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Employment Discrimination Against Immigrants: Overview

Despite America's origins as a nation of immigrants, newcomers may still face a number of challenges when integrating in a variety of areas of everyday American life, including discrimination in the workplace. New waves of immigrants sometimes face opposition from established employers or co-workers who may be averse to, or simply fear, change.

In order to ensure equality in the workplace, Congress has granted protections to workers with valid authorization to work as part of the Immigration and Nationality Act (INA). The INA and other federal and state laws protect workers from national origin discrimination in four key ways.

For more information, see FindLaw's Employment and Discrimination sections.

Employers Must Treat All Employees Who Are Authorized to Work Equally

One protection for workers is the INA's requirement that employers treat all workers with valid work authorizations equally. This means that an employer cannot make hiring, firing, or compensation decisions based on whether the worker is a citizen or based on what stage of the immigration process a worker might be. Non-citizens with valid work authorizations generally include:

  • Permanent Residents
  • Temporary Residents
  • Asylees
  • Refugees

The only exception to this rule is that, in order to be protected from citizenship discrimination, permanent residents must apply for citizenship within six months of eligibility.

National Origin Discrimination Against Immigrants Prohibited

Additionally, Title VII of the Civil Rights Act of 1964 protects numerous workers against different types of discrimination, including national origin discrimination. At the federal level, the Act is enforced by the Equal Employment Opportunity Commission (EEOC). States also have their own agencies for enforcement.

Employees who feel they have been treated differently because of their place of birth, skin color, accent, or ancestry can file a complaint with the EEOC if their employer has 15 or more people. Note that sometimes, English-only rules are appropriate for a workplace.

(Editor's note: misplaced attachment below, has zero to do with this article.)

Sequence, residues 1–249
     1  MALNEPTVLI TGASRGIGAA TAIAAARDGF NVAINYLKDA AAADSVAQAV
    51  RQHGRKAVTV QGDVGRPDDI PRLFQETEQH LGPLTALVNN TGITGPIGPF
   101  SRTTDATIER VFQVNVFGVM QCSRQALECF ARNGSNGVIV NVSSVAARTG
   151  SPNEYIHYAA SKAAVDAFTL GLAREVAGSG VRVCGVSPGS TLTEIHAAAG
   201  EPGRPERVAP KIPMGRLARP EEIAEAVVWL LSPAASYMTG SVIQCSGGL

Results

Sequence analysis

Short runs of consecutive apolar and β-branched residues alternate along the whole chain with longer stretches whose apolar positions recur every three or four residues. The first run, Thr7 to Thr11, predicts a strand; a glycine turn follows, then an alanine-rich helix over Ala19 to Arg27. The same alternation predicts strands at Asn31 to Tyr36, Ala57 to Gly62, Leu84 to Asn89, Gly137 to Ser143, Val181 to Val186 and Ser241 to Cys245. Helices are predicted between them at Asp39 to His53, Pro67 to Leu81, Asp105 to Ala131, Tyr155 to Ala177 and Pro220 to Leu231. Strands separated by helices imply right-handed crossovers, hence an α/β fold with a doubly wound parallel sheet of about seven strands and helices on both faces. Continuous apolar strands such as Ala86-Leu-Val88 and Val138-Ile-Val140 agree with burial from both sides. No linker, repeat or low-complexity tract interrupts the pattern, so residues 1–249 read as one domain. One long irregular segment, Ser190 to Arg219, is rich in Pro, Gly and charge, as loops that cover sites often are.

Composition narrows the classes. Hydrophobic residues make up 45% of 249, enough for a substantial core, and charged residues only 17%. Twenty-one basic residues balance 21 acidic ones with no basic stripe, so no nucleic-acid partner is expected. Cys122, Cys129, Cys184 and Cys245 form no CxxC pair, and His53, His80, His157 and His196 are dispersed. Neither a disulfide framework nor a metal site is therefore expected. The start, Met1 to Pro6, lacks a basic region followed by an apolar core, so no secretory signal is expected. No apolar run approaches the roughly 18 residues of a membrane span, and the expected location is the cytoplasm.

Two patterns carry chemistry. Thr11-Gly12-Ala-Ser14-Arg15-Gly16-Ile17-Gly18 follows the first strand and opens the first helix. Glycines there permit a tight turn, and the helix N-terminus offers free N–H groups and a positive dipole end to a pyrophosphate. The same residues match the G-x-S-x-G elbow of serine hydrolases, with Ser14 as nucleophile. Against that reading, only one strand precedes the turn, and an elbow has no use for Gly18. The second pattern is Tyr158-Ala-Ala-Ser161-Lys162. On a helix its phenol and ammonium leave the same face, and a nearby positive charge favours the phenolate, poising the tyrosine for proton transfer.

Employers May Not Force Prospective Employees to Produce Extra Documentation

As anyone who has ever been formally hired knows, new employees need to produce documentation to prove that they are allowed to work in the United States. For many U.S. citizens, a passport is sufficient but there are many different combinations of identification that can prove the ability to work in the U.S. Under the INA, an employer is limited to these documents. In other words, they cannot insist that their employees produce volumes of additional documents when beginning a new job.

Employers Can Not Retaliate Against Employees

As with so many aspects of employment law, an employer cannot retaliate against an employee for filing a discrimination complaint, complying with a government order, or contesting an illegal company policy. An act of retaliation may come in the form of a termination, harassment, demotion, cutting of hours, or some other kind of adverse treatment.

Are You an Immigrant Experiencing Employment Discrimination? Get Legal Help

Workers' rights have always been a hot-button issue in this country, particularly when it comes to the intersection between immigration and employment law. If you or someone you love is experiencing discrimination in the workplace, you have options. Since immigrants may be new to the U.S. legal system, it may be helpful to explore those options with a local employment law attorney.

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Contact a qualified employment discrimination attorney to make sure your rights are protected.

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